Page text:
serves in the US House. James P. Cain served as US Ambassador to Denmark from 2004 to 2008. Kirk Warner, David Watters, Doug Heron, and many others have balanced their law practice with distinguished military service. All these leaders practiced law here in Wake County.
In bar leadership, current North Carolina Bar Association president-elect Catherine Arrowood follows the proud tradition of Martin Brinkley, Judge Allyson Duncan, John Jernigan, and John Q. Beard. Recent State Bar presidents include Keith Kapp, Bonnie Weyher, Jim Dorsett, and Cressie Thigpen. The only two North Carolina presidents of the American Bar Association – Willis Smith and A.P. Carlton – both hailed from Wake County. Tom Norris, Henry Mitchell, W.W. "T” Taylor, and John Q. Beard were among the founding directors of NC Lawyers Mutual Insurance Co. Again, any list is inevitably incomplete (and my apologies to those whose names were left on the proverbial cutting-room-floor solely for the sake of space constraints), but these men and women, among so many others, are part of our rich heritage and exemplify the public service that characterizes our local bar.
Sometimes "public service” doesn’t necessarily mean being in the spotlight yourself, but rather helping to train and equip others to serve and to lead. An example of this type of public service can be seen in the person of George Wythe – a name familiar to students of American History and frequent visitors to Colonial Williamsburg, but who would otherwise not necessarily be on the "A list” of our Founding Father. When one considers, however, his service as mentor and teacher to Thomas Jefferson, to Chief Justice John Marshall, and later to Henry Clay, and Wythe’s early and outspoken opposition to slavery, his contribution to the formation of American ideals and jurisprudence cannot be overstated.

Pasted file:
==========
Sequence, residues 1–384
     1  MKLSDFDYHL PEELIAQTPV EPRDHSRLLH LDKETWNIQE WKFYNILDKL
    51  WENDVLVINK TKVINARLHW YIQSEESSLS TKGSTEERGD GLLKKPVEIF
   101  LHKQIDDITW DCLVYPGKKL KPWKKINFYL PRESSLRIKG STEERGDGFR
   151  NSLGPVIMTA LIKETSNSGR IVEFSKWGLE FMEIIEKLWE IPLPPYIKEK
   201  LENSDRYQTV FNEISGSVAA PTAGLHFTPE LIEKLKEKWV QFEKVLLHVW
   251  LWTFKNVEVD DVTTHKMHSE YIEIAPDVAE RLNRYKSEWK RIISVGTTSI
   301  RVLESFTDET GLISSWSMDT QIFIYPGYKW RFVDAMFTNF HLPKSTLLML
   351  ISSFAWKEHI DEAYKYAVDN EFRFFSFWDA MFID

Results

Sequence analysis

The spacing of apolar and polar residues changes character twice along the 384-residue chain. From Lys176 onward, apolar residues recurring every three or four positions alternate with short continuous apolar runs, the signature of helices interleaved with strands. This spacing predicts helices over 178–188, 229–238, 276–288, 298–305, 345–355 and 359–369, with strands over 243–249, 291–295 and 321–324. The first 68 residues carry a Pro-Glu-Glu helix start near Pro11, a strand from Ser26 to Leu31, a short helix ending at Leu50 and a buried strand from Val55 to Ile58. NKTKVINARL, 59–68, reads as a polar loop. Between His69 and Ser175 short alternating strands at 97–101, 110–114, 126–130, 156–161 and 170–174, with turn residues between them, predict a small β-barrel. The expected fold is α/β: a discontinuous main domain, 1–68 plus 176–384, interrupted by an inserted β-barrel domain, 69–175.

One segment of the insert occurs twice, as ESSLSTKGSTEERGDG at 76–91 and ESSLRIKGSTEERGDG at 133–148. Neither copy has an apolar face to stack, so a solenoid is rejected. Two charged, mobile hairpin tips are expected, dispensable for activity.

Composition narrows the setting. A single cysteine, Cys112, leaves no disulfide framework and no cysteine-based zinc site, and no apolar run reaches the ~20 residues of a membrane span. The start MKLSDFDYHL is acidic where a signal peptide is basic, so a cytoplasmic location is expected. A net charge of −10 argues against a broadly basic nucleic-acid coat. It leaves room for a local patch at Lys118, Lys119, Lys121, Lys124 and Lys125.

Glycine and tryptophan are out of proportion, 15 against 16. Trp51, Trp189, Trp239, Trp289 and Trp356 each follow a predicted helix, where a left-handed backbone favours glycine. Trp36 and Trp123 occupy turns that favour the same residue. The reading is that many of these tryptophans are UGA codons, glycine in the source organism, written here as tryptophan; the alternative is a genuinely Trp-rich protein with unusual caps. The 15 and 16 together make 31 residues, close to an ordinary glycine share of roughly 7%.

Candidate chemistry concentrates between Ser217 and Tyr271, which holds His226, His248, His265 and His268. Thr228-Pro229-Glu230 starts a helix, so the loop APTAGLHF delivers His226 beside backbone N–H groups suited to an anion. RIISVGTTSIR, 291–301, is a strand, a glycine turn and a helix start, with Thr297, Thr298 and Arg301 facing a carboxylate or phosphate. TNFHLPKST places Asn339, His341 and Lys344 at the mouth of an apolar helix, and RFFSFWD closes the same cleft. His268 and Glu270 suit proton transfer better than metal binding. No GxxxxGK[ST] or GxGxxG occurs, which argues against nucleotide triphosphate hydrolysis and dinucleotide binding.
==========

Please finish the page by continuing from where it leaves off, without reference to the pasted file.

We cannot all be elected officials or serve in government, bar, or military leadership positions, but we all can, and should, answer the call to public service. We can all serve as mentors, like George Wythe, both informally and through the WCBA/”Campbell Connections” mentorship program. We can all step forward and volunteer in the organizations, and for the causes, about which we care and are passionate.
Our WCBA Public Service Committee provides and promotes opportunities for us to respond to this call. A few of the many ways to serve include: providing pro bono service through the 4All Service Day, "Lawyer on the Line,” and/or LANC’s "Volunteer Lawyers’ Program;” donating food during the Legal Feeding Frenzy or our own YLD Food Drive in December; volunteering for our Rule of Law Program or many other service projects; or just allowing a teenager to have a "Lunch with a Lawyer” this summer. Later this year, you will be hearing more about a new program through which we can volunteer in schools to help students learn to read. Look for the "Spotlight on Public Service” in our e-mail newsletters and during announcements at our lunch meetings for more information about these and other opportunities.
Whether in private practice, as corporate counsel, or in the public sector, we can use our intellect, our training, and our skills as lawyers to realize the dreams that first led us to law school – to serve not ourselves and our pecuniary gain, but to serve the public at large and to improve the communities in which we work and live.